Kids and teens under 18 years old in China will only be allowed up to three hours per week to play online video games, China’s video game regulator said.
The National Press and Publication Administration told state-run news agency Xinhua that game-playing would be only allowed between 8:00pm to 9:00pm on Fridays, weekends and legal holidays.
It also instructed gaming companies to prevent children playing outside these times. The companies also will not be allowed to provide services to users who haven’t logged in with real-name registration, preventing them from simply remaining ignorant to their users’ backgrounds.
Earlier this month a state media outlet branded online games “spiritual opium”.
Inspections of online gaming companies will also increase, to check that the time limits are being enforced, the regulator said. Earlier rules had limited children’s online game-playing to 90 minutes per day, rising to three hours on holidays.
The move reflects a long running concern about the impact of excessive gaming on the young.
A month prior to the latest restrictions, an article published by the state-run Economic Information Daily claimed many teenagers had become addicted to online gaming and it was having a negative impact on them.
The article prompted significant falls in the value of shares in some of China’s biggest online gaming firms.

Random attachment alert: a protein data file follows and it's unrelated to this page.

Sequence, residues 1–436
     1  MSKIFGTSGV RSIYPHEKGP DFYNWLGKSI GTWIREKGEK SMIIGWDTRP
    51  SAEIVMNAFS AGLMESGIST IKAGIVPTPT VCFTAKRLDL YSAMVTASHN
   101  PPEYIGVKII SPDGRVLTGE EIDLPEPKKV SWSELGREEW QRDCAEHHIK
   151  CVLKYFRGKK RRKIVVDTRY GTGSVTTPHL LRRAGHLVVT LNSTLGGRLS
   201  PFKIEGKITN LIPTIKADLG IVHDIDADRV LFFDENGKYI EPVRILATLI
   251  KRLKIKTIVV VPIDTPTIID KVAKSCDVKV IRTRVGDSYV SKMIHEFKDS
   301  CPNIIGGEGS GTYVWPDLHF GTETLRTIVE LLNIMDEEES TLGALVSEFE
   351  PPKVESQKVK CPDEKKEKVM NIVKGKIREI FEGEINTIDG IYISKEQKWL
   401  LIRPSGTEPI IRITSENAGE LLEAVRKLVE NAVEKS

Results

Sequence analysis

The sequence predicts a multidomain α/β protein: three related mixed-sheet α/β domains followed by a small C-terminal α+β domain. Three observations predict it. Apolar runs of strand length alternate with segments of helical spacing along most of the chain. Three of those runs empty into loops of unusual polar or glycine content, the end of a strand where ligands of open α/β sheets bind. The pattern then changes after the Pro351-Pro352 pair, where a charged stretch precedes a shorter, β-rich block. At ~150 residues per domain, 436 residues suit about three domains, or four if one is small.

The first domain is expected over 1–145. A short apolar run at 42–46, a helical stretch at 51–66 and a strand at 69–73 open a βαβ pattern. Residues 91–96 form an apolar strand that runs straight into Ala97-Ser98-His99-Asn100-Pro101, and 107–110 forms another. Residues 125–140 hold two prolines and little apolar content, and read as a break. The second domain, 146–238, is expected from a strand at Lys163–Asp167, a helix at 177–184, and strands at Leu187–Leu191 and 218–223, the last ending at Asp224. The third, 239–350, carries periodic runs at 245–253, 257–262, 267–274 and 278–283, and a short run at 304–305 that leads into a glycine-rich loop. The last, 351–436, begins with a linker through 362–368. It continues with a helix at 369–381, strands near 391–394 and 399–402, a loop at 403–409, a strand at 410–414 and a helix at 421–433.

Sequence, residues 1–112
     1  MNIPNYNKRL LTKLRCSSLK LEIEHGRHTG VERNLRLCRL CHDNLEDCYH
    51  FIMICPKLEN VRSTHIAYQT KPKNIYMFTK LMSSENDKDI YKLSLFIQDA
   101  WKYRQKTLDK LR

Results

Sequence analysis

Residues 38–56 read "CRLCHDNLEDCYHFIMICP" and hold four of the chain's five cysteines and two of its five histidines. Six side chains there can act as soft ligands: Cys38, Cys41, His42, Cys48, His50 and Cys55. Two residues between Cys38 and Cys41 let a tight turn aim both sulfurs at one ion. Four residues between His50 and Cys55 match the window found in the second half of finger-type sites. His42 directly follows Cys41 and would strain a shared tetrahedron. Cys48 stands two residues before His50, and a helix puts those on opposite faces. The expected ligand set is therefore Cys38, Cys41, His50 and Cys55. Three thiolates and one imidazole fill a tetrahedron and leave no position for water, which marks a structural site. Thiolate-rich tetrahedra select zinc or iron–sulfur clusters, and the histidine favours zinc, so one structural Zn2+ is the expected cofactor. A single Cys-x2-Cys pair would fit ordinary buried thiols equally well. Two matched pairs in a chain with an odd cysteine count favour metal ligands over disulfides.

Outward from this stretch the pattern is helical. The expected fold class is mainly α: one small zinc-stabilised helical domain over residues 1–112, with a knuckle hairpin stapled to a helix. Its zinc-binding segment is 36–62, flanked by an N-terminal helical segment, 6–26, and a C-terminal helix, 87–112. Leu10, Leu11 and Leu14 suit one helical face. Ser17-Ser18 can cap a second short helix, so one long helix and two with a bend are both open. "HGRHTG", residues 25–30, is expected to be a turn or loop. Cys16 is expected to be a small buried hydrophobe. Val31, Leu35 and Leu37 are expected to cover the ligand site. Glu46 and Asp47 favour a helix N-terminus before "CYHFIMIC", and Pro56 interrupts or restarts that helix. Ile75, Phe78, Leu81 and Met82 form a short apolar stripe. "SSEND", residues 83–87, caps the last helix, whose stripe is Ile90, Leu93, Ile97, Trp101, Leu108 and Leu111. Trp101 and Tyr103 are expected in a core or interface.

In July, Chinese gaming giant Tencent announced it was rolling out facial recognition to stop children playing between 10:00pm and 8:00am.
“There are over 110 million minors that play video games in China today, and we expect the new limits to lead to a decline in the number of players and a reduction in the amount of time and money spent in games by those under 18,” Niko Partners senior analyst Daniel Ahmad said.
“However, we do not expect the decline in spend to have a significant material impact on the bottom line of game companies given limits on time and spending have already been in place for minors for the past two years. Therefore, we expect a softer impact on overall growth rates as spending among minors was already low.”
Tencent has previously said only a small amount of gaming revenue comes from younger players in China. In the second quarter, 2.6% of gross game receipts in China were from players under 16 years old.